Last August at UFC 190 in Rio, Mauricio “Shogun” Rua and Antonio Rogerio “Minotouro” Nogueira had a rematch 10-years in the making. The first fight — a classic from the 2005 Pride Middleweight Grand Prix — was a tough act to follow. The rematch, however, was much like the original: Shogun coming out on top in a Fight of the Night performance. As enjoyable as the fight was, both men have had a difficult time in the UFC.
While inconsistent performances from the talented duo have frustrated their many fans, they will have the full support of a raucous Brazilian crowd against their American opponents at UFC 198.
“Lil Nog” is up first, as he headlines the Fight Pass portion of the card against Patrick Cummins. Nogueira is staring down the barrel of the first three-fight losing streak of his career. The aforementioned loss to Shogun, combined with an entirely predictable (but no less saddening) knockout at the hands of Anthony “Rumble” Johnson has fans wondering how much more time Minotouro has left in his career.
The 39-year old Nogueira would disagree with those suggesting retirement is around the corner, recently stating his plans to fight for 2 more years. A win here against Cummins would help Nogueira make sure any of those future fights he has planned take place inside the Octagon.
Cummins, for his part, has only suffered defeat from the likes of Daniel Cormier, Ovince Saint Preux and Glover Teixeira. The losses to the top end of the UFC light heavyweight have led to Cummins sporting a measly 4-3 record in the Octagon. While he’s lost to the upper tier, he’s beaten the lower tier fighters in his wins. Nogueira would seem to fall somewhere more in the middle of the calibre of opponent Cummins has faced. Unfortunately for the Brazilian crowd, we expect Cummins to have his arm raised despite the hostile crowd.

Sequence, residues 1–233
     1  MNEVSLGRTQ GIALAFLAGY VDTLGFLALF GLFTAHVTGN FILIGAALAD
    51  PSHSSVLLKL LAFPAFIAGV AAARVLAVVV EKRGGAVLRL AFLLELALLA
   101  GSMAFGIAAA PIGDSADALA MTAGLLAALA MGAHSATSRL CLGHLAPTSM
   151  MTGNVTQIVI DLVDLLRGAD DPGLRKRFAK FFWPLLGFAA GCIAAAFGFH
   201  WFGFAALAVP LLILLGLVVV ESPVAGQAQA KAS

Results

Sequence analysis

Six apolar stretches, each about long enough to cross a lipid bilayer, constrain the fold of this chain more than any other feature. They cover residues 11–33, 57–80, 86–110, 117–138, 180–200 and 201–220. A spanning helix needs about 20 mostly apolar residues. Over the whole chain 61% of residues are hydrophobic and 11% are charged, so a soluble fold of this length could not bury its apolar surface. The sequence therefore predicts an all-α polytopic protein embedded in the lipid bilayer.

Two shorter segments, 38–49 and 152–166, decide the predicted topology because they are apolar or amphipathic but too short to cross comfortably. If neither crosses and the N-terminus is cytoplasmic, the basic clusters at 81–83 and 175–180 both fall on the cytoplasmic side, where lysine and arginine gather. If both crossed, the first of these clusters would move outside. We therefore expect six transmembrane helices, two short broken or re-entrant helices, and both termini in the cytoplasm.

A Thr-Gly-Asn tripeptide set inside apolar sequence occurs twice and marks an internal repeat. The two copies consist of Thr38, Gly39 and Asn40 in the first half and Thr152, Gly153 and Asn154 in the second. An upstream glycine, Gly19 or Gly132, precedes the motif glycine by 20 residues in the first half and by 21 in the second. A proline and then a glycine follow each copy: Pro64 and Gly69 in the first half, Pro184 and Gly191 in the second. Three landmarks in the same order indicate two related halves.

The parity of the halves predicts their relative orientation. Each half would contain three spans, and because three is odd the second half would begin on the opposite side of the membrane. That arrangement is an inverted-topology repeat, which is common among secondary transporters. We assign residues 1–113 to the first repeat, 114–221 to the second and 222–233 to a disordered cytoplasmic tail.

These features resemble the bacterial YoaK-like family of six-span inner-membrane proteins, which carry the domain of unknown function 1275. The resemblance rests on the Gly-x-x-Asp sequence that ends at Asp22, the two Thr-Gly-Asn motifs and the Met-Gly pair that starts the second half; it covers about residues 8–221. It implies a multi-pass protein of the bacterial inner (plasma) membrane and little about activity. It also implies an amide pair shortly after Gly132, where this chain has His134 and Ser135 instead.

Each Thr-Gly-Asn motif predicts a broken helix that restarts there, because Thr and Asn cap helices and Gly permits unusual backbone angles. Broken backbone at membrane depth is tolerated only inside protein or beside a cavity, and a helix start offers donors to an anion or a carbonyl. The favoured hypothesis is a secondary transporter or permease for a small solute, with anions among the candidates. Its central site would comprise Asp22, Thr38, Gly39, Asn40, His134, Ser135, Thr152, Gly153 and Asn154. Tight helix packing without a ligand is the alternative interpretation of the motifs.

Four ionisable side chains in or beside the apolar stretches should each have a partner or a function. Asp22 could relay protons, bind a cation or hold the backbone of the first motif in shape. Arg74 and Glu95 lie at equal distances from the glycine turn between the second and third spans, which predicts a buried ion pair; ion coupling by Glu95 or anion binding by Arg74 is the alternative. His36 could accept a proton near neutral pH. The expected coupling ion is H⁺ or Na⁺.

Mauricio “Shogun” Rua appears set to open up the main card as he faces off against a man with one of the, uh…most unique…nicknames in MMA, Corey “Beastin’ 25/8” Anderson. Shogun, coming off his victory over “Lil’ Nog”, is looking to build some momentum after stringing together a pair of 1-2 performances over his prior six fights (dating all the way back to 2012).
Obviously injuries have plagued Rua throughout his up-and-down UFC tenure. The former champion finds himself in a similar position to Nogueira, with fans becoming more vocal with discussions about retirement. It’s not exactly a new topic with the enigmatic Shogun, unfortunately, with his family even pushing him to retire in a 2014 interview. In February, Shogun (who was originally scheduled to face Rashad Evans, which fell through for a second time) had dreams of reaching the top 5 rankings once again.
Shogun is certainly the biggest name opponent Anderson has faced, and the scale of UFC 198 will bring a new level of magnitude for “Beastin 25/8”, which we think will lead to a wild celebration for those in attendance as Shogun puts it together one last time for a vintage performance in front of 40,000 Brazilian fans.